According to the LA Times, “Advocates believe the bill is a chance to correct some of the injustices of a bleak period in the nation’s racial history as well as a chance to show that things are different in the modern South.”
This gesture by a community of legislators in 2013 is an important step for reconciliation, but I’d like to also bring attention to a community leader who showed bravery at the time of the trial: Rabbi Benjamin Goldstein of Beth Or in Montgomery, Alabama, who stood apart from the crowd and stood up for his beliefs about the mistreatment of the boys.
He was the only white clergyman to visit the so-called “Scottsboro Boys” in prison and was instrumental in connecting them to a team of lawyers from International Labor Defense, the legal arm of the American Communist Party, for the appeal trial. Upon seeing the northern Jewish lawyers, the prosecuting attorney exclaimed: “Alabama justice cannot be bought and sold with Jew money from New York.” On Yom Kippur in 1932, Goldstein defied intimidation and defended the Scottsboro boys in his sermon.
Words like those spoken by the prosecuting attorney and Goldstein’s persistence deeply troubled Beth Or’s board of trustees. Montgomery Mayor W. A. Gunter informed board members that if Goldstein did any more to assist in the Scottsboro trials, the Ku Klux Klan would organize a boycott of Jewish businesses in the city. Without permission, Rabbi Goldstein spoke publicly at a rally for the Scottsboro Boys. In April of 1933, Beth Or’s president Ernest Mayer informed Goldstein that he either had to quit his political activities or leave. Though two board members defended Goldstein, he presented his letter of resignation to the board the following day. Some confessed anonymously to the Montgomery Advertiser that they secretly sided with Goldstein. Nevertheless, Beth Or’s board published a press release declaring the congregation’s commitment to segregation.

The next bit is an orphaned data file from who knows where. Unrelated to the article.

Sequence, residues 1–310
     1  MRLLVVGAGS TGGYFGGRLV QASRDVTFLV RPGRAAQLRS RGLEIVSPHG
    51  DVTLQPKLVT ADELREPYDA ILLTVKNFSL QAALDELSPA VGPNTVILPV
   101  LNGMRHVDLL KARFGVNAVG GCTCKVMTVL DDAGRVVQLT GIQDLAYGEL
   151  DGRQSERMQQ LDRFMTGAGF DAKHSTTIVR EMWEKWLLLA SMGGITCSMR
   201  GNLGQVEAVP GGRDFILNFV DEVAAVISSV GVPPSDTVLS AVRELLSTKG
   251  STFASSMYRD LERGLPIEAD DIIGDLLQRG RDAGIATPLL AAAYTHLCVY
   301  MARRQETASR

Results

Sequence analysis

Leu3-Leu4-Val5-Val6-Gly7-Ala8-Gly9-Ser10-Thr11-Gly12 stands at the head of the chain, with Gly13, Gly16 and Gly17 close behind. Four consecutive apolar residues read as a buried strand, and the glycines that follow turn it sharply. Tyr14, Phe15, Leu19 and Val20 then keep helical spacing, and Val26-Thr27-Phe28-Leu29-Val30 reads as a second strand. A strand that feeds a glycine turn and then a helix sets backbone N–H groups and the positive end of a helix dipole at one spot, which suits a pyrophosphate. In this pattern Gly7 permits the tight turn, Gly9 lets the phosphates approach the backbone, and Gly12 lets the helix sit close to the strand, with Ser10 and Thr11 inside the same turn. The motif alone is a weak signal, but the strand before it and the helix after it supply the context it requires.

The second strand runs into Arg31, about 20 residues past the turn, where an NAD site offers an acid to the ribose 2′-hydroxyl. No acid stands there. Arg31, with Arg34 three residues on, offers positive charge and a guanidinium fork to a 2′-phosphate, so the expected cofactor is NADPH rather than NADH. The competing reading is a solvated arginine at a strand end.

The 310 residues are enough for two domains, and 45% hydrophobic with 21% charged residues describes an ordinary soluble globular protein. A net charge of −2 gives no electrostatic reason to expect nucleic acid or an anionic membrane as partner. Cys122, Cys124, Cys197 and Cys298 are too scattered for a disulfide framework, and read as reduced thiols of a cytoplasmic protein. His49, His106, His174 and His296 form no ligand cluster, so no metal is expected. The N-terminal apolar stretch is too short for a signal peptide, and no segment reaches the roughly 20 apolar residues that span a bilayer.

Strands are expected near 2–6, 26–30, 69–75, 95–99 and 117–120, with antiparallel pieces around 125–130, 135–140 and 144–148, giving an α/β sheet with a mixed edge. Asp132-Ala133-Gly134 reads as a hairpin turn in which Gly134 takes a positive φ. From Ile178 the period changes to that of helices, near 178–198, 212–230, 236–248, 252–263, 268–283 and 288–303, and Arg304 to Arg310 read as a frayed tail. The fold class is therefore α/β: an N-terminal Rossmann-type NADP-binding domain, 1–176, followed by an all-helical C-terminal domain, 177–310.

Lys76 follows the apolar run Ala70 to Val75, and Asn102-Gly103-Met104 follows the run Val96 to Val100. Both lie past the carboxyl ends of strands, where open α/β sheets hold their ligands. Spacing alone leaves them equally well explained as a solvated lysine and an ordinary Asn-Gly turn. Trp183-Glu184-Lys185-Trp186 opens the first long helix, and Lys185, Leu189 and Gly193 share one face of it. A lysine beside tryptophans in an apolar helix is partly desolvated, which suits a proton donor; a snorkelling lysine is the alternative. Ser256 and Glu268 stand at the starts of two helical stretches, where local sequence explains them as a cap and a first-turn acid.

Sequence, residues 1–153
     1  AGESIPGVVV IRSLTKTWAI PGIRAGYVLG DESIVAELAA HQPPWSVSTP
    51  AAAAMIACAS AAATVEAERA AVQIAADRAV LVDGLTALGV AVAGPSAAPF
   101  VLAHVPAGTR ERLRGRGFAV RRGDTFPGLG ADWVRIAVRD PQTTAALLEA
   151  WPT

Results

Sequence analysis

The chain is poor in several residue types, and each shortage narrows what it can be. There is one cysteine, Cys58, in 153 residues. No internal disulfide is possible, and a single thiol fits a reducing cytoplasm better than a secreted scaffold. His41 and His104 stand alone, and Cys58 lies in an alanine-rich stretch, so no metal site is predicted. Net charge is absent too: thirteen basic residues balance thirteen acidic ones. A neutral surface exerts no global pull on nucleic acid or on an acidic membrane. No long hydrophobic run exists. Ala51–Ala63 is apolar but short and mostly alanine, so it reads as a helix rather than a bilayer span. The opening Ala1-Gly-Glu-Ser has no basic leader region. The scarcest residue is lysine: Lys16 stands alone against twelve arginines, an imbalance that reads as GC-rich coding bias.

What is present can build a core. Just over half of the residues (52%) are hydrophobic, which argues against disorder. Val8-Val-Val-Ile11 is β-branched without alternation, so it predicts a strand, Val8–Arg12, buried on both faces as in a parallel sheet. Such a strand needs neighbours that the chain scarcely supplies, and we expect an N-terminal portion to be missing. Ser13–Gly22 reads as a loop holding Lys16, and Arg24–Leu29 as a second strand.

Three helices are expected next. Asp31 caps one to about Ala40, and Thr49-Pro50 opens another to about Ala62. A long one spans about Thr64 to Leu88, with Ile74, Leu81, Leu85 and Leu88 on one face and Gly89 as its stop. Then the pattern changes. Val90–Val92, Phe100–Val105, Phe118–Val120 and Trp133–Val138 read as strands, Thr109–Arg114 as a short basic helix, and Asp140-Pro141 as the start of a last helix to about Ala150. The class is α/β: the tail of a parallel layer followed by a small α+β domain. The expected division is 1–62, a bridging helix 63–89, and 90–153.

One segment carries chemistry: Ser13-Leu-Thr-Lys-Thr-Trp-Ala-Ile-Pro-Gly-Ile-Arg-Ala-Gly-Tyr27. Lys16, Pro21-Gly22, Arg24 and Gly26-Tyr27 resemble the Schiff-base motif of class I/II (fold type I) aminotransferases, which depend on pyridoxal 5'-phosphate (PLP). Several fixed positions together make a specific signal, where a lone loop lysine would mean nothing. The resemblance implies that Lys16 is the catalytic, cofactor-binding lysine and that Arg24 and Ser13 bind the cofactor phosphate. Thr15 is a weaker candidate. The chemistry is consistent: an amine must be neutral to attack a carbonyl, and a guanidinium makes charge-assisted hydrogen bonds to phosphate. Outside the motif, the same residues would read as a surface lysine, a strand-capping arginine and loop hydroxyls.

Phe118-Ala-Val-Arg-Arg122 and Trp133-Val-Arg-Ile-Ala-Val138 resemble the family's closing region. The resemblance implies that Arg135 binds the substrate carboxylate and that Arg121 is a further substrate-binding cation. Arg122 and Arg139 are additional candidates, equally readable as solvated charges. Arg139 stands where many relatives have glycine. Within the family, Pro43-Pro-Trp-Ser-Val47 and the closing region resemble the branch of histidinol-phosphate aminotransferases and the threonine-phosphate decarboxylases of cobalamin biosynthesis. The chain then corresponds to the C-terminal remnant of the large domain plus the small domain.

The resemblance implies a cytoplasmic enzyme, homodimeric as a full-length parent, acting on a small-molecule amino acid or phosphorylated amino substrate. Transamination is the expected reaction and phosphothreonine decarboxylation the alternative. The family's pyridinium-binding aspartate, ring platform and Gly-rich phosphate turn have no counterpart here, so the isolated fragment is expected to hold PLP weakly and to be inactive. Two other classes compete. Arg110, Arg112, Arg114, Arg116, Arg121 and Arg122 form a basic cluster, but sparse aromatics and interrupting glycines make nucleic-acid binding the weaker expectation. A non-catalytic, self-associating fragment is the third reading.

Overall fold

The Scottsboro Boys’ legal team fought hard for many years to free the innocent men, but in the end could not overcome the systemic racism of the courts or the pervasive bigotry of the culture.
Rabbi Goldstein’s leadership, even his inevitable defeat, should remind us not to accept the status quo in our communities. These pardons, eighty years in the making, come too late for the lives of the Scottsboro Boys, and injustices persist in our judicial and penal systems to this day. May the actions of Rabbi Goldstein and all of those who fight for justice inspire us to struggle for equality and freedom, both for others and for ourselves.
Had you heard of the Scottsboro Boys? Did you know about Rabbi Goldstein’s outspoken defense of them?